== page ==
GestVision Develops Easy Diagnostic Test for Pre-Eclampsia and Eclampsia

Speeches Shim

Ms. Rachel Mokhondo (Research Assistant, University of Pretoria & MRC) works to develop the Red Congo Dot Test, an easy and effective way to detect early cases of pre-eclampsia
Ms. Rachel Mokhondo (Research Assistant, University of Pretoria & MRC) works to develop the Red Congo Dot Test, an easy and effective way to detect early cases of pre-eclampsia

In 2008, Dr. Irina Buhimschi was working at Yale University and wanted to develop an innovative solution for early diagnosis of women with pre-eclampsia and eclampsia. “Pre-eclampsia is the most fascinating disease as its cause is unknown. Every scientist has a lifelong goal of solving the mystery of pre-eclampsia,” Buhimschi says.

The second leading global cause of maternal mortality is pre-eclampsia and eclampsia, or rapid rise of blood pressure during pregnancy, which can lead to seizures, kidney and liver damage, and death. Babies with mothers who have experienced pre-eclampsia or eclampsia are born prematurely and therefore have a greater risk of dying. Diagnosing preeclampsia in lower and middle income countries is challenging, especially due to the cost or inconclusive results of current screening or diagnostic tests. As a physician, Buhimschi realized that understanding pre-eclampsia could lead to a better understanding of pregnancy and an acknowledgment that the mom and baby are extremely complex. “We can research proteins and markers forever, but when it comes down to it the priority should be the people.” This outlook is what led Buhimschi to look for more effective ways to detect early cases of pre-eclampsia.

Existing diagnostic solutions are either expensive, lack accuracy, or are too complicated and therefore incompatible for widespread use in low and middle income countries. Buhimschi’s innovation started with a picture of red dots. The Congo Red Dot Test stands out for its simplicity and involves mixing red dye with urine and placing drops onto paper. If the dye spreads, it signifies the patient has pre-eclampsia. The simple, low-costing dye test currently has an accuracy rate of 86% and takes less than 3 minutes to complete. Due to its simplicity and higher accuracy, the Congo Red Dot Test has the ability to fill the need for cost-effective diagnostic tests for preeclampsia in low and middle income countries.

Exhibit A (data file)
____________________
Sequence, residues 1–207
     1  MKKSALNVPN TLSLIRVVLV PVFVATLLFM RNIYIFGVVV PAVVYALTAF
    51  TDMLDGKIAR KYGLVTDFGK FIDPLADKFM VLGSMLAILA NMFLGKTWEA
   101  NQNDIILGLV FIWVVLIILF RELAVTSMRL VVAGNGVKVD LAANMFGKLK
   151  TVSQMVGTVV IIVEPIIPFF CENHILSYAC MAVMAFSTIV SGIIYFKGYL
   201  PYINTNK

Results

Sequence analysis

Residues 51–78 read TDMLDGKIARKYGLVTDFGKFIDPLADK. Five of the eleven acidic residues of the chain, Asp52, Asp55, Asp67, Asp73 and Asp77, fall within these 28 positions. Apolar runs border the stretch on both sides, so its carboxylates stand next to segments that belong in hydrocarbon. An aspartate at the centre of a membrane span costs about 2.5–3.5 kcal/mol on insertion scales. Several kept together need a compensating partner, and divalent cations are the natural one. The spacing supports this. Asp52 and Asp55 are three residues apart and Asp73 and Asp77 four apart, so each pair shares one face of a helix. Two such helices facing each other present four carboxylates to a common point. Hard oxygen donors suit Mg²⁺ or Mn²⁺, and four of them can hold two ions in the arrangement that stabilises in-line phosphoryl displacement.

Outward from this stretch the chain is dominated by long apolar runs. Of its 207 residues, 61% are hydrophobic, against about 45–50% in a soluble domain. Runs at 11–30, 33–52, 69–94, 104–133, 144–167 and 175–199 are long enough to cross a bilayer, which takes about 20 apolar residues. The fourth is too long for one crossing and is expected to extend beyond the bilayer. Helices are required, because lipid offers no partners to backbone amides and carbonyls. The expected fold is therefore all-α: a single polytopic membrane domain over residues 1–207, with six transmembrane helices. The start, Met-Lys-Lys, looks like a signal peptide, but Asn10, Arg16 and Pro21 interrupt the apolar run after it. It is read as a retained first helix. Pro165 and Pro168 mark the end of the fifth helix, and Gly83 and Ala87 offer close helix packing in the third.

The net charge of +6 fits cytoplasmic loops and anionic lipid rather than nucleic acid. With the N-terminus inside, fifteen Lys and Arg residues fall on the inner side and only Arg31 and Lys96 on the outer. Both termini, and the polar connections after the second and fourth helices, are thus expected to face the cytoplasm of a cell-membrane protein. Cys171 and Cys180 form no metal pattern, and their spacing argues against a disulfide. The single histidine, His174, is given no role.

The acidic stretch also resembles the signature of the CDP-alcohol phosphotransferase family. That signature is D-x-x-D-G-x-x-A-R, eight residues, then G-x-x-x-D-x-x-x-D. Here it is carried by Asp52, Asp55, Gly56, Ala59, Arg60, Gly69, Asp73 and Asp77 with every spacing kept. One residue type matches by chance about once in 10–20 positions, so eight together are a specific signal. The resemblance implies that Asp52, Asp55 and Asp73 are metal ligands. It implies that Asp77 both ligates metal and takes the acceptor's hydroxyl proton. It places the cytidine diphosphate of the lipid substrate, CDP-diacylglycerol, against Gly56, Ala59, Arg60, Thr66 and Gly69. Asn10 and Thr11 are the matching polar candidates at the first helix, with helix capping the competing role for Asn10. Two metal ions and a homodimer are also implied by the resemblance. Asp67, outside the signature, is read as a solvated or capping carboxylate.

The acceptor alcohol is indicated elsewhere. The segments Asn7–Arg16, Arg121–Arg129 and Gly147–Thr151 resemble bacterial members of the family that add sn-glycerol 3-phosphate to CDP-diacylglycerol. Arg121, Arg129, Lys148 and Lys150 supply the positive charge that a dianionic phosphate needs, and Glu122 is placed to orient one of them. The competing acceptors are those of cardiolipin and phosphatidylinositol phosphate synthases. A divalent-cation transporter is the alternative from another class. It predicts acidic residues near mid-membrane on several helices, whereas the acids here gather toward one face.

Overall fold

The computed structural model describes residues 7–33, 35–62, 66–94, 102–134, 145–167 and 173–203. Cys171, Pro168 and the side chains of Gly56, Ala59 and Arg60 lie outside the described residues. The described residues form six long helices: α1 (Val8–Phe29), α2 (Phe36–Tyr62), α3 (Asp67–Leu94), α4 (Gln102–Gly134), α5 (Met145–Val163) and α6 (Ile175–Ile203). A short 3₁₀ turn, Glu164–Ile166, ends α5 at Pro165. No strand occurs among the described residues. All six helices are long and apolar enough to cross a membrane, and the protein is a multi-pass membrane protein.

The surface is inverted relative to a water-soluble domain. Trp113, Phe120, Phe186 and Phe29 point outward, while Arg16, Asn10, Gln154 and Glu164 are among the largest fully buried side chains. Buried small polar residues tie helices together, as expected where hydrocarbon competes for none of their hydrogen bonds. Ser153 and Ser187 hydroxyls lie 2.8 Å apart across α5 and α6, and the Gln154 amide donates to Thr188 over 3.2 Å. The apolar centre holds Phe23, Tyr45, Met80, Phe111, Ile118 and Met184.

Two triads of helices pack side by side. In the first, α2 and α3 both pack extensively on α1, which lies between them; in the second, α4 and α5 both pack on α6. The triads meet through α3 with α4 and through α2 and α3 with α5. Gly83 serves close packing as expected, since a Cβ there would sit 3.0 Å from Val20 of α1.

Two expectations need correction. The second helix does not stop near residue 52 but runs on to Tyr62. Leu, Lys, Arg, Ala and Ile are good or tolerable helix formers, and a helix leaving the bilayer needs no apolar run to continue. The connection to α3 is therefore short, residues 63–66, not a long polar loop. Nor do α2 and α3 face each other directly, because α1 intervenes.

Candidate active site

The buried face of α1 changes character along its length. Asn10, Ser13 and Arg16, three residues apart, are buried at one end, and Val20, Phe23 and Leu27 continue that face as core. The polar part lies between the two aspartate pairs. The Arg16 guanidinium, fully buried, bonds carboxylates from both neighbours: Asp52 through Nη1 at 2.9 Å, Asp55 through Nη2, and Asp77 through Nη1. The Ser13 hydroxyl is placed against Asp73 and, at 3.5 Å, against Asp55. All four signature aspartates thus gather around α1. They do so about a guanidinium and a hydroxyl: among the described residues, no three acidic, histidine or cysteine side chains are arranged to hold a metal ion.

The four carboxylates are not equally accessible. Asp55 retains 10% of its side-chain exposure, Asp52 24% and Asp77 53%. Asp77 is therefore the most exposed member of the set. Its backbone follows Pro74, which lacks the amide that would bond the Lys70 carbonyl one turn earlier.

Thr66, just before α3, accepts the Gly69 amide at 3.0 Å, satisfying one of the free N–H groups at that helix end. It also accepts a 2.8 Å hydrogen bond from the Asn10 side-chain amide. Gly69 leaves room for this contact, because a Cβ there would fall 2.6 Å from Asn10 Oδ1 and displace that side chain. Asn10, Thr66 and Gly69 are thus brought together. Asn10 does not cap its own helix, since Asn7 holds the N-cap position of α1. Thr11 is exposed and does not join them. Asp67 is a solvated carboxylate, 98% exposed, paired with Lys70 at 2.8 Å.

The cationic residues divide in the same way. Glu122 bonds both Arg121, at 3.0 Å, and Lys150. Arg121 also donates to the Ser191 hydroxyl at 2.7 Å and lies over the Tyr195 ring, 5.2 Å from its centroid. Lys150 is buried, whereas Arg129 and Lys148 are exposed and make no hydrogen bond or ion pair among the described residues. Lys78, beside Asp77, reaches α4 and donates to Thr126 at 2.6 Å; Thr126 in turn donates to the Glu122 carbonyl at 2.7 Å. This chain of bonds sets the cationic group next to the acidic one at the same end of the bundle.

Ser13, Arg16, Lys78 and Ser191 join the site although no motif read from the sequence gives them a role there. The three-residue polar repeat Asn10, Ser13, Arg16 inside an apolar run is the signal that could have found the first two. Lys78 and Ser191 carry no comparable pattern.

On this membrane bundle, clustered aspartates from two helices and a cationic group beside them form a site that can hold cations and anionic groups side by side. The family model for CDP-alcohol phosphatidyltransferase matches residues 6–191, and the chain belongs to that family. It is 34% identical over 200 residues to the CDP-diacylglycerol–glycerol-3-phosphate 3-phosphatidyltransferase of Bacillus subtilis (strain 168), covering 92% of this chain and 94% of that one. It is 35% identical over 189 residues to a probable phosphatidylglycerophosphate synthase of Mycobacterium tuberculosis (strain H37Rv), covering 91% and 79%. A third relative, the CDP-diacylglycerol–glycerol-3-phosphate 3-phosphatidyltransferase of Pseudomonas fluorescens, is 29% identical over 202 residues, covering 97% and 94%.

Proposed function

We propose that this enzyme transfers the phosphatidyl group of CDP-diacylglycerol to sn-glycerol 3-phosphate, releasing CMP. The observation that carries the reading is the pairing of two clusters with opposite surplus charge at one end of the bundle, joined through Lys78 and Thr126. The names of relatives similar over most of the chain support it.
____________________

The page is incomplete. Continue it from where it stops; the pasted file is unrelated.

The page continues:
Buhimschi emphasizes the importance of partnership in this project. She met Wendy Davis - a Yale MBA student at the time - who developed the business plan, launched the startup company, GestVision and licensed the technology from Yale. Davis is now the CEO of GestVision and her business acumen has been crucial in commercializing the innovation. Combined with Buhimschi’s academic and scientific expertise, their partnership has led to much success.

GestVision partnered with Buhimschi who had secured a Saving Lives at Birth Transition to Scale Grant for the Congo Red Dot Test. The Saving Lives at Birth grant allowed for clinical studies in low and middle income countries using a new prototype based on lessons from prior versions of the test. In addition, GestVision secured a private investment with strategic partner, Cooper Surgical, which supports the commercial development of the test.

Buhimschi knows that funding to support the Congo Red Dot Test is one aspect, but support to develop and test it is another. “Without funding from USAID, this probably wouldn’t be the diagnostic that it is today. USAID’s role goes beyond that of financial support,” Buhimschi says. Through attending events like the Saving Lives at Birth DevelopmentXChange conference, she has been able to identify different priorities and understand what was needed in order for the project to succeed.